Symptoms of constipation include straining, lack of defecation, hard stools that leave little to no residue when picked up, and discomfort while passing stool (AKC, 2022).

Conventional Treatment

Typical interventions will include increasing liquids, healthy fiber, and getting exercise. In some cases your veterinarian may recommend laxative or enemas. In more serious cases, manual extraction, surgery to remove sections of the colon (colectomy), or medications to activate peristalsis may be required (AKC, 2022).

Alternative Considerations

In mild cases of constipation fiber can support healthy intestinal motility. Some popular fiber and dietary suggestions are (AKC, 2022):

 

Diarrhea in Dogs

Diarrhea occurs more frequently than constipation and will differ from dog to dog (AKC, 2022). The American Gastroenterology Association defines diarrhea as “loose, watery stools three or more times a day”.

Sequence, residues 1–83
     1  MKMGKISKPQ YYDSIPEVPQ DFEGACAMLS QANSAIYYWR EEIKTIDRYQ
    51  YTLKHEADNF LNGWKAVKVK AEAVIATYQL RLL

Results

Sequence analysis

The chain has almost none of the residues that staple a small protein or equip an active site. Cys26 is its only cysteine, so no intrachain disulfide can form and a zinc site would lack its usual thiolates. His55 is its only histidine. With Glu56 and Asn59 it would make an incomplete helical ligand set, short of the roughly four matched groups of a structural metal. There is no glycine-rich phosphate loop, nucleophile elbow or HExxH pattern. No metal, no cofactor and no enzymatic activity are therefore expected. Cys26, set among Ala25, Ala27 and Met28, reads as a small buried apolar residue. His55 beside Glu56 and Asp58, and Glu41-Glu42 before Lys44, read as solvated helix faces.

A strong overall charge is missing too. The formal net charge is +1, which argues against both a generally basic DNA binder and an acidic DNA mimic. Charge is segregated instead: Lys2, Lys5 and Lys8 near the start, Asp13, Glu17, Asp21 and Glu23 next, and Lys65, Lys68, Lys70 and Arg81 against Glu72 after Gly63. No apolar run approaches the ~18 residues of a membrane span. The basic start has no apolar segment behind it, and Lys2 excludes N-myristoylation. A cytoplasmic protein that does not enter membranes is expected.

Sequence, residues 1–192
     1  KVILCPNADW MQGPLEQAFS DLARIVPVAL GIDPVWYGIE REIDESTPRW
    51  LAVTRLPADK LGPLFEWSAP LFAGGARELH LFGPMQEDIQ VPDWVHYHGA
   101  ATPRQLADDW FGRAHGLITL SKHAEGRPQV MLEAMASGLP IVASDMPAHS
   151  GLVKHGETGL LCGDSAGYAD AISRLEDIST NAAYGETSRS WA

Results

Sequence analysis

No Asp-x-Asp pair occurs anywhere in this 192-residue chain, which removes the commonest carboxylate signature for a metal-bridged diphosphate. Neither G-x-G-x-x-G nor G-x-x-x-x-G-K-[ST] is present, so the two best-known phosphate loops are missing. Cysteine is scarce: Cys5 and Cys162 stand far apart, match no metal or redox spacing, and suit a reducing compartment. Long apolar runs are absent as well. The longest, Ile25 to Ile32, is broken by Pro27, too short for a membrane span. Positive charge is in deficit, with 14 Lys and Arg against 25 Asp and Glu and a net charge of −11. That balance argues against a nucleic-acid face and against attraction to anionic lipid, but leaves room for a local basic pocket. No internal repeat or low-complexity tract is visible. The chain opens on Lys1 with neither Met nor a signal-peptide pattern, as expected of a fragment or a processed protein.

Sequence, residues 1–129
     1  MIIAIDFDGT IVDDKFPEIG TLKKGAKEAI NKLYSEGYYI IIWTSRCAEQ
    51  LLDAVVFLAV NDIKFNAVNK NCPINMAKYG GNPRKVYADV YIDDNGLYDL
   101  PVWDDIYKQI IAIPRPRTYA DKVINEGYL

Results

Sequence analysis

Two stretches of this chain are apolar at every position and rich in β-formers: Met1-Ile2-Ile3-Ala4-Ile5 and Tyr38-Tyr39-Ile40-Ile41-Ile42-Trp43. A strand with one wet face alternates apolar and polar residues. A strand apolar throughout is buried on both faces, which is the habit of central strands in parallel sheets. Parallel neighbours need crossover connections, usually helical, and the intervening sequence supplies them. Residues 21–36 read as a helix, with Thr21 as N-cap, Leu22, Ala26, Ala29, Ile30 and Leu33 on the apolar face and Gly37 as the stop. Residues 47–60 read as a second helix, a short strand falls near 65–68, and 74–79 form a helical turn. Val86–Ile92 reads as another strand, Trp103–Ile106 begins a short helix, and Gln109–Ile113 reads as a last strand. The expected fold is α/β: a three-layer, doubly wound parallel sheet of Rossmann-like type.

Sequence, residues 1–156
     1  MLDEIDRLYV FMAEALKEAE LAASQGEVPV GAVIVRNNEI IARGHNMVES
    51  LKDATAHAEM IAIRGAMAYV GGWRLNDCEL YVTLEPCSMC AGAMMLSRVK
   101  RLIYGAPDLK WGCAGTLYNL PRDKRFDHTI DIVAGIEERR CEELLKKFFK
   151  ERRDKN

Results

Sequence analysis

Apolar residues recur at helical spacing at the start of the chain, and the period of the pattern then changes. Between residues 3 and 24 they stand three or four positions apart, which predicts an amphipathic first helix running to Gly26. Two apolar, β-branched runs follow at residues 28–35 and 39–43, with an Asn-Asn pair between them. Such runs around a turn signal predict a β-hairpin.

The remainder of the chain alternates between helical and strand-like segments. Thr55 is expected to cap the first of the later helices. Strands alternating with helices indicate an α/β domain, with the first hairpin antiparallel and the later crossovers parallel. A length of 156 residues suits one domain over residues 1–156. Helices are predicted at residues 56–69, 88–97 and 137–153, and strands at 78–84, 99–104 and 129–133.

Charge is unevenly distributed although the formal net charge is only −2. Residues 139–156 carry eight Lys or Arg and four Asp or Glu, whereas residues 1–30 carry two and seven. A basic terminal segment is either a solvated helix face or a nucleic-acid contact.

Causes of Diarrhea in Dogs

The most common causes of diarrhea are (AKC, 2022):

  • Eating garbage or spoiled food
  • A change in dog food
  • Food intolerances
  • Allergies
  • Parasites can cause diarrhea if the immune system is compromised – Roundworms, Hookworms, Whipworms, Coccidia, Coccidia are common culprits.
  • Poisonous substances
  • Swallowing foreign objects
  • Infections with common viruses
  • Bacterial Infections
  • Medications such as Antibiotics
  • Stress or emotional upset

Symptoms of a More Serious Condition (AKC, 2022)

Diarrhea can be accompanied by other symptoms indicating a more serious condition. Make sure you consult your veterinarian before attempting to treat diarrhea accompanied by the following symptoms:

  • lethargy, fever, vomiting, dry, tacky or pale gums, or weakness
  • Diarrhea that does not stop
  • Dehydration
  • Long duration – This will vary depending on the dog. If you are not sure consult your vet.
  • Use of medication
  • Existing conditions such as advanced age, diabetes, Cushing’s, cancer, or any medical issue
  • Changes in your dog that let you know something may be wrong

Conventional Treatment

Medication may be prescribed to kill infectious microorganisms, correct diarrhea, reverse poisoning, or provide pain relief. In some cases IV is required to quickly restore electrolyte balance with severe diarrhea (DeFarges et al., 2022).

There are many well established home remedies that can support the return of your dog’s stool habits back to normal. With your vet’s help you can select what fits your dog’s needs best.